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Trump and Netanyahu get closer as two-state solution grows more remote

Trump and Netanyahu get closer as two-state solution grows more remote

President Donald Trump and Israeli Prime Minister Benjamin Netanyahu met at the White House on Wednesday for their first sit-down, and despite the controversies dogging both men — the Trump administration’s and Russia, a possible indictment of Netanyahu — the two leaders were all smiles and handshakes.

Netanyahu in particular had reason to be happy.

Trump’s press conference with the Israeli leader came a day after the White House announced a policy shift that Netanyahu can claim as a victory back home: the abandonment of the long-standing U.S. commitment to a two-state solution. Netanyahu’s right-wing coalition has repeatedly demanded that the prime minister abandon talk of a Palestinian state.

At the press conference before their private meeting, Trump and Netanyahu vowed to put the U.S.-Israel alliance on firmer footing after eight years of policy clashes with the Obama administration, which inked the Iran nuclear deal, regularly challenged Israeli settlement building, and pushed for a Palestinian state.

“Our alliance has been remarkably strong,” Netanyahu told Trump. “But under your leadership, I’m confident it will get even stronger.”

The two men also appear to be on the same page when it comes to Iran. The Trump administration recently vowed to put the country “on notice” by keeping a close eye on Iranian compliance with the nuclear deal and responding forcefully to Iranian support for groups that oppose the U.S. and Israel.

The leaders’ shared agenda has buoyed those who were worried about Trump’s statements last week urging Israel to pull back from unfettered settlement expansion. Trump repeated the sentiment at the press conference, asking Netanyahu to “hold back on settlements for a little bit.” Netanyahu did not publicly say whether he would agree to that, though he did say Israel and the U.S. would come to an understanding.

The Trump administration has demurred on what they will suggest as a solution to the Israel-Palestine conflict. On Tuesday night, a White House official told reporters the U.S. would not “impose” Israeli-Palestinian peace, and that it’s up to the parties to decide what they want. Trump echoed those statements, and said whether it’s one state or two states, the U.S. would support whatever deal the parties agree to.

That’s a break with decades of U.S. policy calling for a two-state solution to the conflict.

Mort Klein, the president of pro-Israel group Zionist Organization of America, said he “couldn’t be more pleased that we finally have a clear-thinking president of the United States who understands that establishing a Hamas-Fatah Palestinian state will establish another terror state in the Middle East.”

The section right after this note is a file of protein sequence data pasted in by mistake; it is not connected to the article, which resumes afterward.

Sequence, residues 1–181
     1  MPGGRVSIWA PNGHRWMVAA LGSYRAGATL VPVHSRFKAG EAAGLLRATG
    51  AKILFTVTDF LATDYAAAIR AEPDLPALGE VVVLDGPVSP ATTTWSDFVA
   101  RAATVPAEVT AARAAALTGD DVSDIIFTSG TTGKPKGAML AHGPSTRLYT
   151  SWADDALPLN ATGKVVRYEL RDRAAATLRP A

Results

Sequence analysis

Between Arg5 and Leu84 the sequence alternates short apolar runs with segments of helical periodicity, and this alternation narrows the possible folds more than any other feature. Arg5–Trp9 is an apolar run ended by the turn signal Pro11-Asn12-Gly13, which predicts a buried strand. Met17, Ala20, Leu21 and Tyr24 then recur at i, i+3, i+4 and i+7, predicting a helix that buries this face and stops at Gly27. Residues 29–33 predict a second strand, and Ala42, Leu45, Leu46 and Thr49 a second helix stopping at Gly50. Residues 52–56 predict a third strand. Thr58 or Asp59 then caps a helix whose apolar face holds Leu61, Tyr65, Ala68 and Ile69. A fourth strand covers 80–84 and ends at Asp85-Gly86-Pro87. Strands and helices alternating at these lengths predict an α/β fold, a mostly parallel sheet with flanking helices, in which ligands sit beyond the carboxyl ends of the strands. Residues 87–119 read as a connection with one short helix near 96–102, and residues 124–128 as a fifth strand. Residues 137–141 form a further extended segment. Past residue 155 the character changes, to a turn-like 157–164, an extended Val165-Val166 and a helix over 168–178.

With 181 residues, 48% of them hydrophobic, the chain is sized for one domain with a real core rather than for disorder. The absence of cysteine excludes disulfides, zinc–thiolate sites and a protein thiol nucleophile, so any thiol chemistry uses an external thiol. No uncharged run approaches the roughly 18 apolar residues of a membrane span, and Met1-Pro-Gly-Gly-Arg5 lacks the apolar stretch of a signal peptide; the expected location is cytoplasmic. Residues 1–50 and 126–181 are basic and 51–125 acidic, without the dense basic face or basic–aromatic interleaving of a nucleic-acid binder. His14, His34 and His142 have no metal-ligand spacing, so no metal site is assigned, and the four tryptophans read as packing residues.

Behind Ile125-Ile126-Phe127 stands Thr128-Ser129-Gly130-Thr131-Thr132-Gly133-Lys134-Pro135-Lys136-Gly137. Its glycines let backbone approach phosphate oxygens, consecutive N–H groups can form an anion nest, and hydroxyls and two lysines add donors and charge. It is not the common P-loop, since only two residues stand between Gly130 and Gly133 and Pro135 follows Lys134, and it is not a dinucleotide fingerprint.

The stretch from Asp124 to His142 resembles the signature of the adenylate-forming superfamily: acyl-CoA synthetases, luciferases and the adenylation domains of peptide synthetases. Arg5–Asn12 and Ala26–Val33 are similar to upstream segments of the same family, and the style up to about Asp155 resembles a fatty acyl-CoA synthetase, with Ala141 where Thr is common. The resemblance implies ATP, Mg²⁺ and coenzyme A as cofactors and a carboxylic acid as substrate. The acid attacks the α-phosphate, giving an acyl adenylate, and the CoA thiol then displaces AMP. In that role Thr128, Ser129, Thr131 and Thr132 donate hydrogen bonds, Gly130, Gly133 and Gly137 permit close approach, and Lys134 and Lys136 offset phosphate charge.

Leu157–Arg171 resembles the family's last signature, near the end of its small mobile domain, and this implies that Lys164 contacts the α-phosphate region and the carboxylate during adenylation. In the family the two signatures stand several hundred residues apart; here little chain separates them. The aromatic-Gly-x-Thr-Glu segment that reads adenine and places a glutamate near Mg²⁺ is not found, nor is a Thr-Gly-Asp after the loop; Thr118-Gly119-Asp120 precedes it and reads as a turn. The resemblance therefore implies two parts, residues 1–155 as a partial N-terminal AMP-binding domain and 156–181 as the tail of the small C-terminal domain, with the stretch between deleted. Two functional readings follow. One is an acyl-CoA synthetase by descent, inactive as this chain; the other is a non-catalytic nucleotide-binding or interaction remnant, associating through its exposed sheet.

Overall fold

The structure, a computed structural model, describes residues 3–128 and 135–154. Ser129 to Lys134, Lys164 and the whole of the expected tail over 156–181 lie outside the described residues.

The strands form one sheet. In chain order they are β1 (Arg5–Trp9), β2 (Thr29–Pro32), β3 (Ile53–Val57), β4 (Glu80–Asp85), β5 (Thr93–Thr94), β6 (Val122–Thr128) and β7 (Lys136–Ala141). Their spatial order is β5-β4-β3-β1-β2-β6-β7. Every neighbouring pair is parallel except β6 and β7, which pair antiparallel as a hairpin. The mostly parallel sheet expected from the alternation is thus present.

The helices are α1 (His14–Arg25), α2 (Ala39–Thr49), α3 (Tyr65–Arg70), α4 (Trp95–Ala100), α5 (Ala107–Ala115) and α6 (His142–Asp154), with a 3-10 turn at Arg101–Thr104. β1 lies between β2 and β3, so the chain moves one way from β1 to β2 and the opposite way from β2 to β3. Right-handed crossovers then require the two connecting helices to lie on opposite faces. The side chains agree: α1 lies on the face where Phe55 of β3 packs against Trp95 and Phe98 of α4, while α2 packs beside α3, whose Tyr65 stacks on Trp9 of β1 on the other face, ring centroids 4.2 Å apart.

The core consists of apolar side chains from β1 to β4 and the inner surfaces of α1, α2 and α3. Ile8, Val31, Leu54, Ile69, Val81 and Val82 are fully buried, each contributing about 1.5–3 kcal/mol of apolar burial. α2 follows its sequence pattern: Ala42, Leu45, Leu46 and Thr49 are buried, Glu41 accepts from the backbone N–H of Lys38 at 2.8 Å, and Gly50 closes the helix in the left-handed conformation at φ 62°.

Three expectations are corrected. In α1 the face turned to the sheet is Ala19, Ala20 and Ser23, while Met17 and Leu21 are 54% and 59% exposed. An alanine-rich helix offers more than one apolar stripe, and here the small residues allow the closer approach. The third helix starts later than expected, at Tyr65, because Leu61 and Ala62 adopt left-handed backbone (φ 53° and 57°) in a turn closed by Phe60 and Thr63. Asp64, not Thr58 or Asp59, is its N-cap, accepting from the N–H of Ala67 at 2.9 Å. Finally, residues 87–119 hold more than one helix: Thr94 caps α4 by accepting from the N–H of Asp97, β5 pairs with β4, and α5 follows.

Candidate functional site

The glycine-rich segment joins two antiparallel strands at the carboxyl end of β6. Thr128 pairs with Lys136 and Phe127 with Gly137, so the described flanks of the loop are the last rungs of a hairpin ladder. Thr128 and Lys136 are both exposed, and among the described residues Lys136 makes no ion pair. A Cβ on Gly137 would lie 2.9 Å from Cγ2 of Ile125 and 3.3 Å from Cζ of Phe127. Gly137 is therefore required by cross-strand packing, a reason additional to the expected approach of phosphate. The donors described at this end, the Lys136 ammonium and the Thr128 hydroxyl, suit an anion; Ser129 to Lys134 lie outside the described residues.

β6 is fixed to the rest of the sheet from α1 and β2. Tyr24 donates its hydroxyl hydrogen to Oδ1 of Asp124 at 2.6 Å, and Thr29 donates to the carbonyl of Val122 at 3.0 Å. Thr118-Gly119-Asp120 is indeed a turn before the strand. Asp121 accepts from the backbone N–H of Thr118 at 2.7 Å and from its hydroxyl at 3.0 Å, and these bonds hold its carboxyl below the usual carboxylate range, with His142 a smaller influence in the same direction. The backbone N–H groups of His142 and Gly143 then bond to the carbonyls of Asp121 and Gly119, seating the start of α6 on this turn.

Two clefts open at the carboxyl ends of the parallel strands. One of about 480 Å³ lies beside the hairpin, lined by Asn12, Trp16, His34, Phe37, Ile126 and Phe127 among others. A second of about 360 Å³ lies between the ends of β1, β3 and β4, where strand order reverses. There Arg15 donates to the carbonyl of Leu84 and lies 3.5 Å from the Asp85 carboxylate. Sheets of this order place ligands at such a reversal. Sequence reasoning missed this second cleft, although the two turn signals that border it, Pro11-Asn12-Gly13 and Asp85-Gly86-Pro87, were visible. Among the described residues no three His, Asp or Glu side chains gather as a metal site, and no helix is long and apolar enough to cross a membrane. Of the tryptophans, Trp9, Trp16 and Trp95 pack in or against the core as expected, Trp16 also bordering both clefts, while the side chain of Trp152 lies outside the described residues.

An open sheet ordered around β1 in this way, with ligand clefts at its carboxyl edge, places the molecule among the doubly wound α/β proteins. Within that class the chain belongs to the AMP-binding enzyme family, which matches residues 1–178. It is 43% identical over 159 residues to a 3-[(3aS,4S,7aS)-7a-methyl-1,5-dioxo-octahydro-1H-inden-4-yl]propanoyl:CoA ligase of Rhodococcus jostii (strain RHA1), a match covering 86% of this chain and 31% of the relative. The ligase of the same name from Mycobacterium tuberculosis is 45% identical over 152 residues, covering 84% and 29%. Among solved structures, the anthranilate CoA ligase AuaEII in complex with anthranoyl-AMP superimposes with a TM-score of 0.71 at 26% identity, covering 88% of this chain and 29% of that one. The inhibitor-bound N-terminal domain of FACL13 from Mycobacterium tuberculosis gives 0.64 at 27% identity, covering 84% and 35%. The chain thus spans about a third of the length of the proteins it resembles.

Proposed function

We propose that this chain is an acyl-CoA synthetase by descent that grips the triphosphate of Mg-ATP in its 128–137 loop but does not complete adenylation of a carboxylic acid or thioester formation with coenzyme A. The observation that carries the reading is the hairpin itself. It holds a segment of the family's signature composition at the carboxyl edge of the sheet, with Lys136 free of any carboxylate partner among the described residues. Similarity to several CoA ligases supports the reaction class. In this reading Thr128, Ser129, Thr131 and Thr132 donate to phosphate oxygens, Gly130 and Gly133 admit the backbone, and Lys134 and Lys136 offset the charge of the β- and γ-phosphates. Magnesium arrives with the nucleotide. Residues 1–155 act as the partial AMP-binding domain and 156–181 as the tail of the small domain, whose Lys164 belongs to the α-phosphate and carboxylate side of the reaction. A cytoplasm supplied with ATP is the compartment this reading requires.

Palestinian officials, meanwhile, were not happy with the White House’s statements.

“If the Trump administration rejects this policy, it would be destroying the chances for peace and undermining American interests, standing, and credibility abroad,” said Hanan Ashrawi, a member of the Palestine Liberation Organization’s Executive Committee.

U.S. officials have anonymously floated what they see as a potential alternative idea for Middle East peace: an alliance between Israel and Gulf Arab states regarding Iran, which would then lead to a grand bargain of peace throughout the region, including with the Palestinians. In recent years, and especially after the Obama administration signed a nuclear deal with Iran, Gulf Arab states and Israel have tacitly cooperated on their shared agenda of beefing up regional capabilities against Iran.

Netanyahu and Trump both said they are hopeful about such a strategy, but not everyone shares their optimism.

“The main reason it can’t work now is [the Trump administration hasn’t] clearly identified the end game, other than tactically getting all sides to cooperate in terms of confronting Iran,” said Khaled Elgindy, a fellow at the Brookings Institution and a former adviser to the Palestinian leadership. “They’re talking about a regional peace — so what is the end game? What does regional peace look like without a two-state solution? And that they haven’t clarified.”

While U.S. officials pursue that, Trump and Netanyahu will continue to talk tough on Iran. At the press conference, Trump called the Iran agreement “one of the worst deals ever made” and vowed to stop Iran from developing nuclear weapons. But both Trump and Netanyahu resisted calling for the agreement to be scrapped entirely.

Trita Parsi, the president of the National Iranian-American Council, said that Israel is no longer worried about a rapprochement between Iran and the United States. Both the U.S. and Israel have agreed to confront Iran, and the U.S. continues to support Gulf Arab states in their proxy wars against Iranian-backed groups in Yemen and Syria while warning Iran it will punish any violations of the nuclear deal signed by the Obama administration. In addition, the Trump administration has announced new sanctions on Iran for the country’s missile program.

But Parsi said ramping up the pressure on Iran carries risks.

“There is a significant chance,” he said, “that the administration will continue on a very, very aggressive path that does have the likelihood of bringing the U.S. and Iran into a military confrontation.”

Alex Kane is a journalist who focuses on Israel/Palestine and civil liberties. 

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